How to plan the future evolution of your enterprises
Watching weekend matinee movies on a black and white TV at my grandparent’s house was both an adventure and history lesson rolled into one. One of the more memorable epic spaghetti westerns was The Good, the Bad and the Ugly, which starred a young Clint Eastwood (as “the Good”). The plot revolves around three gunslingers competing to find a fortune in a buried cache of Confederate gold amid the violent chaos of the American Civil War in 1862 while participating in many battles, confrontations, and duels along the way.
At times the movie reminds me of power struggles I have been involved in plus seen in businesses and boardrooms over the years.
In fact, the title of this classic movie also inspired me to think about five different levels through which I’ve seen businesses progress or regress as they succeed or fail to adapt to change.
Let’s start at the bottom and work our way up.
5. The Ugly
There are businesses (or business units within businesses) that are simply not pretty to behold when the curtain is pulled back.
They have manufacturing equipment that is old and has been poorly maintained.
They have cultures that are rife with internal stress, conflict and turf wars.
They are saddled with excessive debts.
They have talent and creativity that have been drained and those who remain behave like desperados, with misplaced loyalties.
They are bleeding cash, making losses month after month.
They may have once been good businesses. But now they are on the verge of becoming casualties of mismanagement and a lack of decisive leadership.
They are not long for this world. They need to be sold off, re-homed, or put out of their misery.
But, no-one wants to make the hard call.
Procrastinating seems to take less energy than making the radical changes required to bring integrity to the table.
4. The Bad
There are other businesses (or business units within businesses) that are a mystery.
They’re staffed by well-intentioned people, who are tired and incapable or uninspired to make significant progress. Apathy about the status quo has become entrenched. They don’t review the financial performance of their business on a regular basis. Decisions are made based on feelings rather than the facts.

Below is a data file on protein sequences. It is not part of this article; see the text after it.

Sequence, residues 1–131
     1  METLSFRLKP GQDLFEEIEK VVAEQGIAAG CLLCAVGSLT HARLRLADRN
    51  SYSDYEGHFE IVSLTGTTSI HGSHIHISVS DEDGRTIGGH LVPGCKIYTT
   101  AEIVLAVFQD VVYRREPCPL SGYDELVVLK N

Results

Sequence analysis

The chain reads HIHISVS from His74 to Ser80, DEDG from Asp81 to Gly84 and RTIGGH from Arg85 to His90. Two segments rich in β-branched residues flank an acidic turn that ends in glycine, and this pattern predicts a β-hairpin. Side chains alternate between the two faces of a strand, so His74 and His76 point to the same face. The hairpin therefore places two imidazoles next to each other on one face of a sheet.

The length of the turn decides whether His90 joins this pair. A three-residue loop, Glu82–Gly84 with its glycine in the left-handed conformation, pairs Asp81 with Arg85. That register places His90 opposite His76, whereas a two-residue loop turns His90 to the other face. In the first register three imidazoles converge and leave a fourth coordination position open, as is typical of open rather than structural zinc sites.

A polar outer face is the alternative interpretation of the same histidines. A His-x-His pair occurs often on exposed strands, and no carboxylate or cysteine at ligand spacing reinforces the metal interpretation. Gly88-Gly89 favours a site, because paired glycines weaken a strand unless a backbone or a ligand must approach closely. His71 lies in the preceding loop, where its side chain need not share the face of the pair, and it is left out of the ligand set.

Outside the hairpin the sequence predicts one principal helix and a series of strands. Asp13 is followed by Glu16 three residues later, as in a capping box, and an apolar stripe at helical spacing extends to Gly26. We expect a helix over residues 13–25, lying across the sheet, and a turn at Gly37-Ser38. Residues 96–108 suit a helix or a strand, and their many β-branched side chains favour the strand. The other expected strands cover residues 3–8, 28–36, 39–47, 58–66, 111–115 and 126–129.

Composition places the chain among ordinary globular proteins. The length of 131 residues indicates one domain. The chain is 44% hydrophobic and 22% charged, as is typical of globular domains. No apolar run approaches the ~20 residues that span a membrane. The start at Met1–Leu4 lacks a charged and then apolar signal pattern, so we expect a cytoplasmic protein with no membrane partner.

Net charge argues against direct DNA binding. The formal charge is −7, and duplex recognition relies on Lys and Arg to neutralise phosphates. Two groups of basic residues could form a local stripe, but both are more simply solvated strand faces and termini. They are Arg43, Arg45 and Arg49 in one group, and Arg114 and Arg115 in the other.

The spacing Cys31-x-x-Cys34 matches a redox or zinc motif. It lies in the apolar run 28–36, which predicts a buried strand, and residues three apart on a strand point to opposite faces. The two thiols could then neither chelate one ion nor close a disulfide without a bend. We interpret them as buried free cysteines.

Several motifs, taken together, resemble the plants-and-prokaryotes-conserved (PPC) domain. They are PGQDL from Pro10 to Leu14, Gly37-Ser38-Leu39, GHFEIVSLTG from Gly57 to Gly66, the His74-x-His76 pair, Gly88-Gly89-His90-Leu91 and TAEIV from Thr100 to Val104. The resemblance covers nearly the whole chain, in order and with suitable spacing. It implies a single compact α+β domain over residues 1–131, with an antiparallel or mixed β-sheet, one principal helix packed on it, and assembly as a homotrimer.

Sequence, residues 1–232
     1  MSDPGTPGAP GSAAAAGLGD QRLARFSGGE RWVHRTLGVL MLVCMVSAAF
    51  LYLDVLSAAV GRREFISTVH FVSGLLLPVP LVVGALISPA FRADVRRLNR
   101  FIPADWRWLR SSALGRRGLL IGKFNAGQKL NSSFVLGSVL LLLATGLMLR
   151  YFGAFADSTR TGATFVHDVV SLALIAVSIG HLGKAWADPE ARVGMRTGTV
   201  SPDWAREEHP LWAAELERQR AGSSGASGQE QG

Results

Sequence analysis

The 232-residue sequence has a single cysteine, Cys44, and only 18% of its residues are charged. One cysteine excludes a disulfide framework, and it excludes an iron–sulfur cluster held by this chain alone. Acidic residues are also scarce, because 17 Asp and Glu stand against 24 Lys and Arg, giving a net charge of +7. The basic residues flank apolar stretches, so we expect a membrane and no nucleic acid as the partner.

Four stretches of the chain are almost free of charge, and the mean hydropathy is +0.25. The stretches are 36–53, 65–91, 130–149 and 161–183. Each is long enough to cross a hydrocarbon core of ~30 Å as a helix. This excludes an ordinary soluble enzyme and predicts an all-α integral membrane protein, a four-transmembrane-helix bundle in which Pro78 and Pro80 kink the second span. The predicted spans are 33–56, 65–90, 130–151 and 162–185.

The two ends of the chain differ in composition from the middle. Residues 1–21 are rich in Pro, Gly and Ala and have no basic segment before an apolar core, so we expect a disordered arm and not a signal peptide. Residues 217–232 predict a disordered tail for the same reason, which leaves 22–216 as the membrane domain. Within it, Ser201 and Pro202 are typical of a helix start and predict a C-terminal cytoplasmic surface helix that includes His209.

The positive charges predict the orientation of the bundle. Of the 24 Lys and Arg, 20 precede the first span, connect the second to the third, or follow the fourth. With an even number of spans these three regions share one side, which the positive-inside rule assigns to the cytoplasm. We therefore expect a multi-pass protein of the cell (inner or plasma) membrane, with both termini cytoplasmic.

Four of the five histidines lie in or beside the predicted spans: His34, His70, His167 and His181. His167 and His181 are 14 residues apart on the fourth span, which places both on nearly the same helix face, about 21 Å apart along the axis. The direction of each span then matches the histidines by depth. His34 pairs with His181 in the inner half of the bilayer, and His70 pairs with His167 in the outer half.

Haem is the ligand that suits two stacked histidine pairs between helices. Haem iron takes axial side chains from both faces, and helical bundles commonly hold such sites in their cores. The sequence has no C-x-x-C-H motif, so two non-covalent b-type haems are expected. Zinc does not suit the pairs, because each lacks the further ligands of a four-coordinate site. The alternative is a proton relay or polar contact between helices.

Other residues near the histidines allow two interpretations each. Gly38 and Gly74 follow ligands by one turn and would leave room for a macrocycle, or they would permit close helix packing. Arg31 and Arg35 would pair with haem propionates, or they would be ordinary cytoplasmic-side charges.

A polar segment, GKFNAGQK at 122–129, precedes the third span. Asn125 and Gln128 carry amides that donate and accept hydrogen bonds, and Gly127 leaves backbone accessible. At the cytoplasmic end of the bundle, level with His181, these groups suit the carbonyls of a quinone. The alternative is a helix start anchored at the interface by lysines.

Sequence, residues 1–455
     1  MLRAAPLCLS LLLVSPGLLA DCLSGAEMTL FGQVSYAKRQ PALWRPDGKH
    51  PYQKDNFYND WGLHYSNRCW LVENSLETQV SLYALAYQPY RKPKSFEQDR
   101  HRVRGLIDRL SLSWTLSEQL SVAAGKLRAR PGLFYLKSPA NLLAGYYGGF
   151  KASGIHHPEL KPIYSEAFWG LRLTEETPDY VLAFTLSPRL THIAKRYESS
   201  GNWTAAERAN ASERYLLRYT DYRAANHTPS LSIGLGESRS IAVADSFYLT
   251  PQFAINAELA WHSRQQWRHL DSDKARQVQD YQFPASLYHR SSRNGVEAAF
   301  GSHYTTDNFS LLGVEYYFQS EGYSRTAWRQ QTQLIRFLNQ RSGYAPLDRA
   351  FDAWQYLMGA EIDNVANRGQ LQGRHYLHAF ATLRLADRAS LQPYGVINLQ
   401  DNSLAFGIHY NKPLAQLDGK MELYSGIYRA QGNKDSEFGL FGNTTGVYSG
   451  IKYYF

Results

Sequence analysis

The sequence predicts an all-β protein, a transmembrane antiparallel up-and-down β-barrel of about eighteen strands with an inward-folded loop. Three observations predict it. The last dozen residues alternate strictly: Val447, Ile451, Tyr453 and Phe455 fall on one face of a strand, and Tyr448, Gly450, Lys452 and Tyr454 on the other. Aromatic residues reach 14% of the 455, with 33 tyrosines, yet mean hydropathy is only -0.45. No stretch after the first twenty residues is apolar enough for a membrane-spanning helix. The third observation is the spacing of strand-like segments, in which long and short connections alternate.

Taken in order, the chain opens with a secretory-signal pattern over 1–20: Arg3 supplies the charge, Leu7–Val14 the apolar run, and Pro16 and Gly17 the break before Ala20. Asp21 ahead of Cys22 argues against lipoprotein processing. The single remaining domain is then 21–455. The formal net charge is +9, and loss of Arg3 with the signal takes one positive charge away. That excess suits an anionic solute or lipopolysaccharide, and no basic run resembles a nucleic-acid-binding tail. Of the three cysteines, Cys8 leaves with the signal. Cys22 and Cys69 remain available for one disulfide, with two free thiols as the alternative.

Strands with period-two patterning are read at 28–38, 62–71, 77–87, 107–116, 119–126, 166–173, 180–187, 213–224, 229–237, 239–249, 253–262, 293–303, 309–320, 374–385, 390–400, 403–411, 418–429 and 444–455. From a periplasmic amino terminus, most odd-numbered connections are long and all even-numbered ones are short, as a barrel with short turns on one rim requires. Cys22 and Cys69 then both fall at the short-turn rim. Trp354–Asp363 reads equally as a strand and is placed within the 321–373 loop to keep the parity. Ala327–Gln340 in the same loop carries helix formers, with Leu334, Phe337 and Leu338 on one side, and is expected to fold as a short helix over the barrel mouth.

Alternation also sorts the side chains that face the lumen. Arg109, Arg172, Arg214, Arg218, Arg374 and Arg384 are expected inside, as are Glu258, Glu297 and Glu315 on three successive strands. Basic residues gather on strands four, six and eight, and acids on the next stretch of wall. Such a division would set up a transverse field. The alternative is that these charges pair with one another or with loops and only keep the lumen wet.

Revenue growth is flat.
Profitability is line ball.
Their market share and or the market for their products and services is shrinking.
Many lurch from one crisis to the next. They are boldly going nowhere.
Their performance looks bad relative to other business units or divisions or competitors. The Board and management either spend too much time on “the Bad” neglecting other business units or divisions or they spend too little time on “the Bad”, as doing so is painful and leads to conflict.
3. The Good
There are also businesses (or business units within businesses) that have achieved 10% revenue growth on average for the past four years or more.
These solid, consistent performers are reliable, but may be facing increasing competition and margin compression as their industry moves into the mature stage of its lifecycle.
Perhaps these businesses are led by owner-managers consciously choosing to play in their comfort zone, balancing their lifestyle aspirations with business priorities.
The challenge for “the Good” are sharing the pie equitably, attracting additional investment capital for acquisition opportunities that complement organic growth. For “the Good” businesses, expansion can help drive non-linear performance improvements, affording them better economies of scale as well as helping them retain and develop top talent.
2. The Great
There are also businesses (or business units within businesses) that have made the transition from good to great.
They have achieved 20% revenue growth on average for the past four year or more.
Their performance may be three times as impressive as their competitors across one or more KPIs. They have maintained consistent and rapid expansion, making them attractive places for top talent and clever capital.
By aligning their purpose, strategy and capabilities, these businesses have created the greatest chance of winning and have forged a pathway to prosperity.